In the Select New Dimensions page, the wizard prompts you to create a new dimension for Fact Internet Sales Dimension. You do not need this dimension, so you can clear it from the list.

  11. Name the cube and click Finish.

Step 3: Define Many-to-Many relationship

  1. In cube designer, click Dimension Usage tab. Notice that there is already a many-to-many relationship between Dim Sales Reason and Fact Internet Sales. Recall that the following icon indicates a many-to-many relationship.

    Many-to-many icon in dimension usage

  2. Click on the intersection cell between Dim Sales Reason and Fact Internet Sales, and then click the button to open the Define Relationship dialog box.

    You can see that this dialog box is used to specify a many-to-many relationship. If you were adding dimensions that had a regular relationship instead, you would use this dialog box to change it to many-to-many.

    Define Relationship button  in dimension usage

  3. Deploy the project to an Analysis Services multidimensional instance. In the next step, you will browse the cube in Excel to verify its behaviors.

When you define a many-to-many relationship in a cube, testing is imperative to ensure queries return expected results. You should test the cube using the client application tool that will be used by end-users. In this next procedure, you will use Excel to connect to the cube and verify query results.

Browse the cube in Excel

  1. Deploy the project and then browse the cube to confirm the aggregations are valid.

  2. In Excel, click Data | From Other Sources | From Analysis Services. Enter the name of the server, choose the database and cube.

  3. Create a PivotTable that uses the following:

    • Sales Amount as the Value

    • Sales Reason Name on Columns

    • Sales Order Number on Rows

  4. Analyze the results. Because we are using sample data, the initial impression is that all sales orders have identical values. However, if you scroll down, you begin to see data variation.

    Part way down, you can find the sales amount and sales reasons for order number SO5382. Grand total of this particular order is 539.99, and the purchase reasons attributed to this order include Promotion, Other and Price.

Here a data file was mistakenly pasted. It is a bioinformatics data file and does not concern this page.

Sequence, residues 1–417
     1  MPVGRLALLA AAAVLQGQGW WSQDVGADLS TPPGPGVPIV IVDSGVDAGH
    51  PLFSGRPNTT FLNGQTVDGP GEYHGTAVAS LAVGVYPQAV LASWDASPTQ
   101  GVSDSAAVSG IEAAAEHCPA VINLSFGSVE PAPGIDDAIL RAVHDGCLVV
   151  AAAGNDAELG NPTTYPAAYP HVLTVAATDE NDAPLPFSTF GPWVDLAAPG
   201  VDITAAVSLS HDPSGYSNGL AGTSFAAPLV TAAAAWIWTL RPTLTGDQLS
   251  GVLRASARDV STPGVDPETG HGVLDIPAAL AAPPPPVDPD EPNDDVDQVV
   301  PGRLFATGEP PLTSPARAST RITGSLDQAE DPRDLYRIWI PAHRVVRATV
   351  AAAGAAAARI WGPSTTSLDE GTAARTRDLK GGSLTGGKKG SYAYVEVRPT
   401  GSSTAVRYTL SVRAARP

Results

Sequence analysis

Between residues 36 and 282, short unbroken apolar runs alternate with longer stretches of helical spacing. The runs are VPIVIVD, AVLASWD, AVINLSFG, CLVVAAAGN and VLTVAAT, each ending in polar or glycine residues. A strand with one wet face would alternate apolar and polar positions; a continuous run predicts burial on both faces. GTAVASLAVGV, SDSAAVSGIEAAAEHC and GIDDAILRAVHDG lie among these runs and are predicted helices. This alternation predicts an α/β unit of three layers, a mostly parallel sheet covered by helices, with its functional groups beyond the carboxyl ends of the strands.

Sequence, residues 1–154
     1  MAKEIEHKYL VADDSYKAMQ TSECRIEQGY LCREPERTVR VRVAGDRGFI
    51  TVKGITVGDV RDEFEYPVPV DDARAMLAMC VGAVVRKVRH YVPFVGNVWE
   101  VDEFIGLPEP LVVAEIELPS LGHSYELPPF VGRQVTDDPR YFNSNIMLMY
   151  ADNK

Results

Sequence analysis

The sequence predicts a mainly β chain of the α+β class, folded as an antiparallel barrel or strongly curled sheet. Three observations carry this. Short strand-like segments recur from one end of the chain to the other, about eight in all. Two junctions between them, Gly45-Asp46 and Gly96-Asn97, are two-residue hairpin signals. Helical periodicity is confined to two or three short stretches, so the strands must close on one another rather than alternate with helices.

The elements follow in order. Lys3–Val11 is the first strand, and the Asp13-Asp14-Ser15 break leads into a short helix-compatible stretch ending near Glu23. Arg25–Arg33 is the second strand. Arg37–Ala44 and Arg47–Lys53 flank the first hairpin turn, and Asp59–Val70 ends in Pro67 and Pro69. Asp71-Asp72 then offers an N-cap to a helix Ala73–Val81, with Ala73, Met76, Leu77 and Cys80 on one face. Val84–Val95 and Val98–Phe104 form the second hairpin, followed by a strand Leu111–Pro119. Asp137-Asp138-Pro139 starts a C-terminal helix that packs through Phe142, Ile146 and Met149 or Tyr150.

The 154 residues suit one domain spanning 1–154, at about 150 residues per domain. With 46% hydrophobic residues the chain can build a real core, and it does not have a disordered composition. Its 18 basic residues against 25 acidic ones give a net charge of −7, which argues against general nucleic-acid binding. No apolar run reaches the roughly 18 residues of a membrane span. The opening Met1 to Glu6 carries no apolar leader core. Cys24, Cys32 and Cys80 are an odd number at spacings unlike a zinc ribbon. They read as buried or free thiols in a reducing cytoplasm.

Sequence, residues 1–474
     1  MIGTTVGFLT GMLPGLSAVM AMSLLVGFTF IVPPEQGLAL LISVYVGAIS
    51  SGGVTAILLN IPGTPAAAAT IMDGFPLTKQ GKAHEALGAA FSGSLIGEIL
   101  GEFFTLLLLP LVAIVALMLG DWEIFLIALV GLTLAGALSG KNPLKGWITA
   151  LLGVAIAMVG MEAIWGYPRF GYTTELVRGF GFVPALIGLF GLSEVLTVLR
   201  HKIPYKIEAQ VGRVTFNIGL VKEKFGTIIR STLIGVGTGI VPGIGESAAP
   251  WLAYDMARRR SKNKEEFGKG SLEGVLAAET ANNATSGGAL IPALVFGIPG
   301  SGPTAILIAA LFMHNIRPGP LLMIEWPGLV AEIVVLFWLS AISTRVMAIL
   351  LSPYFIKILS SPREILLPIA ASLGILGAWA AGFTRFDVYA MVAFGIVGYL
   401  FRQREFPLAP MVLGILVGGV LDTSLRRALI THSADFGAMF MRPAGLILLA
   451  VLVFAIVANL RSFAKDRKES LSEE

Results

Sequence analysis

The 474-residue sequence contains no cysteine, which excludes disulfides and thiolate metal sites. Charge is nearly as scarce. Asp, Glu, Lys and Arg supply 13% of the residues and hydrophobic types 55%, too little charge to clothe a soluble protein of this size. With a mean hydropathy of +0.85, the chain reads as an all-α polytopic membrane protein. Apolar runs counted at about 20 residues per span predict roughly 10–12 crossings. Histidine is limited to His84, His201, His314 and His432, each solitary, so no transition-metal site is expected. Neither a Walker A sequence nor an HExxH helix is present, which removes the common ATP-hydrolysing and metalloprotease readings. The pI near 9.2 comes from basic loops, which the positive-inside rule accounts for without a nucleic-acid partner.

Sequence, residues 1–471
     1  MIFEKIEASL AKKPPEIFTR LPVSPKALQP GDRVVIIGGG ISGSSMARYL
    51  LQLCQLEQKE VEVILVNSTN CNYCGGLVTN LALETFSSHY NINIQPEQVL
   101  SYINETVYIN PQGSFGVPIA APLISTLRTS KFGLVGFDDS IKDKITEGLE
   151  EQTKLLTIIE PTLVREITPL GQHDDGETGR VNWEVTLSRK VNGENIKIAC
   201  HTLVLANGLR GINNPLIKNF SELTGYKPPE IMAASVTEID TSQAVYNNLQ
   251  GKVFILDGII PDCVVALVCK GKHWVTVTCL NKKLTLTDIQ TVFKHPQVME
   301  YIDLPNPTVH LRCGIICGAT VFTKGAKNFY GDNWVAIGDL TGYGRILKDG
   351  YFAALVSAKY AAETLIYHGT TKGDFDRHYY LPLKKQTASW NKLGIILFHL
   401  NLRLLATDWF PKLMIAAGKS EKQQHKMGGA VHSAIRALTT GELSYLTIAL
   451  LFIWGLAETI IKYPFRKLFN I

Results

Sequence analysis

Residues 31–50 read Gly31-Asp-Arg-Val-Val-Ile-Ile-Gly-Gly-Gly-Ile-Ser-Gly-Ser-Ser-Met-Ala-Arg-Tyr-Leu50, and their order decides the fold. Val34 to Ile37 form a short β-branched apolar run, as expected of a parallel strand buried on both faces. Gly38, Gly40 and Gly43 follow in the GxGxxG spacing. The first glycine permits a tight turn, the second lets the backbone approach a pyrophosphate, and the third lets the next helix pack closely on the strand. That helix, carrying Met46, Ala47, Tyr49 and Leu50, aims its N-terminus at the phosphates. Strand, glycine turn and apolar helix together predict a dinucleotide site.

Excel worksheet showing many-to-many aggregations

    Notice that the Sales Amount is correctly calculated for the order; it is 539.99 for the entire order. Although 539.99 is indicated for each reason, that value is not summed for all three reasons, erroneously inflating our grand total.

    Why put a sales amount under each sales reason in the first place? The answer is that it allows us to identify the amount of sales we can attribute to each reason.

  5. Scroll to the bottom of the worksheet. It is now easy to see that Price is the most important reason for customer purchases, relative to other reasons as well as the grand total.

    Excel workbook showing totals in many-to-many

Tips for handling unexpected query results

  1. Hide measures in the intermediate measure group, such as the count, that do not return meaningful results in a query. This prevents people from trying to use aggregations producing meaningless data. To hide a measure, set Visibility to False on the attribute in dimension designer.

  2. Create perspectives to use a subset of measures and dimensions that support the analytical experience you want to provide. Possibly, a cube that contains many measure groups and dimensions do not work well together in all cases. By isolating the dimensions and measure groups that you intend to be used together, you ensure a more predictable outcome.

  3. Always remember to deploy and reconnect after changing a model. In Excel, use the Refresh button on the PivotTable Analyze ribbon.

  4. Avoid using linked measure groups in multiple many-to-many relationships, especially when those relationships are in different cubes. Doing so can result in ambiguous aggregations. For more information, see Incorrect Amounts for Linked Measures in Cubes containing Many-to-Many Relationships.